homecoming

sometimes when i sit down to write in this space, i wonder forward about whether and how my words will crystallize this particular time in my life. when i read them back to myself at some indistinct point in the future, what will they help me remember?

old passages i’ve written conjure up memories of a particular summer sweetness, or a dull and heavy dread, an uncertain waiting, a sharp vibrancy. and i am grateful for that. this course i’m traveling has felt long and varied, deep and complex, and i am glad to have records of it here.

i think of this now, because i have more to write. i have closed a stressful, demanding, exhilarating year as a teacher and grad school student. i have returned from two weeks walking so many unnamed roads and riding so many crowded buses and trains through europe. and i have come home to a house that is losing its sense of comfort and warmth.

during my travels, i came across this quote by maya angelou: “i long, as does every human being, to be at home wherever i find myself.” i love it. but i also wish, sometimes, that it wasn’t true. sometimes i want home to really be somewhere—or someone—outside of myself. for the homecoming to be a clicking into place, a slipping on of something soft, a true return. for now it’s just me; i am the keeper of my history, my comforts, my sense of place.

but i do my best. when i came back from my trip, i made sure to cook again. often, the kitchen—my kitchen—is where i feel most like myself. frantic trains of thought dissolve, self-doubt is replaced with self-assuredness, and i let myself be fully absorbed in what happens before me. the easy slice of the knife through juicy, meaty, ripe tomatoes; the sizzle and crisp of fat cheese slices on a hot pan; the smell of bread toasting behind me; the dry shake of garlic salt and fresh pepper sprinkled over it all. i ate this lazy summer meal every day my first week back, trying to regain my sense of land and ground. i hope embedded in this stack of ingredients—and this string of words—i’ll remember this odd, open-handed, wandering time of mine.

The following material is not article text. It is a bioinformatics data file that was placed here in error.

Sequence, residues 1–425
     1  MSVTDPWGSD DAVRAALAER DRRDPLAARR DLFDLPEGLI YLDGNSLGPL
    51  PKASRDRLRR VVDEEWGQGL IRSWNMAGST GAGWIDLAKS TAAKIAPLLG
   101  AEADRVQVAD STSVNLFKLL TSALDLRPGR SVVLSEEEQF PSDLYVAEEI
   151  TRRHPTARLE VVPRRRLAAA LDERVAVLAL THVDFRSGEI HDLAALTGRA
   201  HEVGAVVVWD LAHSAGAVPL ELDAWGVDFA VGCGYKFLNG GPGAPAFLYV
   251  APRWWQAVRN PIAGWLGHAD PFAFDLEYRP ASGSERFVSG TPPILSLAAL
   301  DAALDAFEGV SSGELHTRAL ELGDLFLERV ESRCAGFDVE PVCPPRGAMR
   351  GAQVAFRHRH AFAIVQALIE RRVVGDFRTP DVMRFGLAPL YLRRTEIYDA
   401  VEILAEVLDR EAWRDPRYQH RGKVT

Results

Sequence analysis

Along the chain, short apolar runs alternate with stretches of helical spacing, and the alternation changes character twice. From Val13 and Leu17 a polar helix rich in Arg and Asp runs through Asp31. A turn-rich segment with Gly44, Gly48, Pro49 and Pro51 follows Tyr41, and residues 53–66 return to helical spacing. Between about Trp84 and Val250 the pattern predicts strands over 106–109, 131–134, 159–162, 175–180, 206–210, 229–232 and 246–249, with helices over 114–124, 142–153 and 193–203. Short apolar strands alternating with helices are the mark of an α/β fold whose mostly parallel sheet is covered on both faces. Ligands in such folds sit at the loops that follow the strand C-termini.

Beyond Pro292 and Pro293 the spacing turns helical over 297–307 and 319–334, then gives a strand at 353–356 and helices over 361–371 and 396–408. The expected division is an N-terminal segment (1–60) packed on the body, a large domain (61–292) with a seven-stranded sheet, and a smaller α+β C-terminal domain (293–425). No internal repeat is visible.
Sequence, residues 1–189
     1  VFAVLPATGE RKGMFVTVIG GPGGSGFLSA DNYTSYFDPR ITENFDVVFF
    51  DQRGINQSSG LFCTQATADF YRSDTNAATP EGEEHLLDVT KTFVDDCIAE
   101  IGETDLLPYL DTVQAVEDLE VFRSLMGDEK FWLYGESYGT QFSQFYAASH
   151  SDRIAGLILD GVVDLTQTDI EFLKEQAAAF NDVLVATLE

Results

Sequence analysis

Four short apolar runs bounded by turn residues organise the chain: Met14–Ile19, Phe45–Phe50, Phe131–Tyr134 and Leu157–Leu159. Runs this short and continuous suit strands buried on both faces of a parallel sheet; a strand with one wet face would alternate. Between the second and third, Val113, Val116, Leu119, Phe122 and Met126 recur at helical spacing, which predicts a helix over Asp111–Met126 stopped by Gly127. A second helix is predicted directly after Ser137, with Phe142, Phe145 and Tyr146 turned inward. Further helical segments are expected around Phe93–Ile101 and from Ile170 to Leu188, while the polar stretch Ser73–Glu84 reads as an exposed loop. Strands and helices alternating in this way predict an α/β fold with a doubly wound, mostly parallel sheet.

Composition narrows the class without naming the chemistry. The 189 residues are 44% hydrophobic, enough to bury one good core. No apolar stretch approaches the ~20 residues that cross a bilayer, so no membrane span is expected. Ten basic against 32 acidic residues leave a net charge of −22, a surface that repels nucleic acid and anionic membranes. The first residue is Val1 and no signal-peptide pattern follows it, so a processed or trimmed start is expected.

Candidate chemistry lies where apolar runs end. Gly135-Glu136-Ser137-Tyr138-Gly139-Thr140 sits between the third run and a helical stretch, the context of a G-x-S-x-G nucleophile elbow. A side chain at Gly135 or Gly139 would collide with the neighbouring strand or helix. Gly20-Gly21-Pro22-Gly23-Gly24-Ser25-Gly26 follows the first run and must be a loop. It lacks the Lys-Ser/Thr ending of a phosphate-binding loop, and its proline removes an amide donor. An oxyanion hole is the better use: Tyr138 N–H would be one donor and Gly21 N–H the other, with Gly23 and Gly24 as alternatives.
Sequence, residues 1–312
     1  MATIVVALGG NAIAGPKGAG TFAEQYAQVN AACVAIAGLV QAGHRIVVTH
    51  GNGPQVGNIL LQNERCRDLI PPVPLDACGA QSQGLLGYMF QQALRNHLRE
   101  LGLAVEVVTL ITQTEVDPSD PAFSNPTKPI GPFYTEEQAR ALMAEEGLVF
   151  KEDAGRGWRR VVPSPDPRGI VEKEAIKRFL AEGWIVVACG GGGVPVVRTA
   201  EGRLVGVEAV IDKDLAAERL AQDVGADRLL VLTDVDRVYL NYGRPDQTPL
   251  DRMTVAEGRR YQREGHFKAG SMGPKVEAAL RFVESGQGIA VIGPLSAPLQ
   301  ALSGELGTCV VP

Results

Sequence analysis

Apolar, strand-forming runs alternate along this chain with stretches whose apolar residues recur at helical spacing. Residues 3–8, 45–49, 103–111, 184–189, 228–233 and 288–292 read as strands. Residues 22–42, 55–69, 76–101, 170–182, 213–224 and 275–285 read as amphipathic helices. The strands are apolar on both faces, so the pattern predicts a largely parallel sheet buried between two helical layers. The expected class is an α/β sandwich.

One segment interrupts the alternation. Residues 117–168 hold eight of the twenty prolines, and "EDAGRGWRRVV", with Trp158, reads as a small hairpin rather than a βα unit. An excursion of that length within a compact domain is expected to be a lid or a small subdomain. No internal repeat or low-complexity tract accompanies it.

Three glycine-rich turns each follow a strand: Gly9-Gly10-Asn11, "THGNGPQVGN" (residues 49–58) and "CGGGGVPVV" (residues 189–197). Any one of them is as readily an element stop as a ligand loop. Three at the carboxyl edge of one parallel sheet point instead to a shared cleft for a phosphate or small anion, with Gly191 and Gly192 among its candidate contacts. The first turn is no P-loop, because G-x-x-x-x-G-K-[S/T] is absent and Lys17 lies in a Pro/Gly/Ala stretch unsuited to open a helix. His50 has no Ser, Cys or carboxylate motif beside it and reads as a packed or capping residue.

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Fried Provolone and Tomato Sandwich
Adapted from Food52
Makes 2 open-faced sandwiches 

Two 
¼-inch slices provolone cheese
1 
Tablespoon mayonnaise, plus more as needed
Two ½-inch thick slices sturdy, country-style bread
1
 medium-sized ripe tomato, preferably heirloom
Salt and freshly cracked black pepper, to taste

  1. Heat a nonstick skillet over medium-high heat. Carefully add the slices of provolone and let them fry until crusty and golden on the outside but still gooey in the center, about 2 to 3 minutes total, carefully flipping them halfway through with a pair of tongs. Once they’re done, carefully remove cheese slices from the pan, allowing any excess oil to drip back into the pan, and blot gently on a paper towel.
  2. Spread the mayonnaise evenly across the slices of bread, adding more as desired. Core the tomato and cut it into 4 slices. Place the fried cheese on the bread, layer 2 tomato slices on each piece of bread, and sprinkle with salt and pepper.
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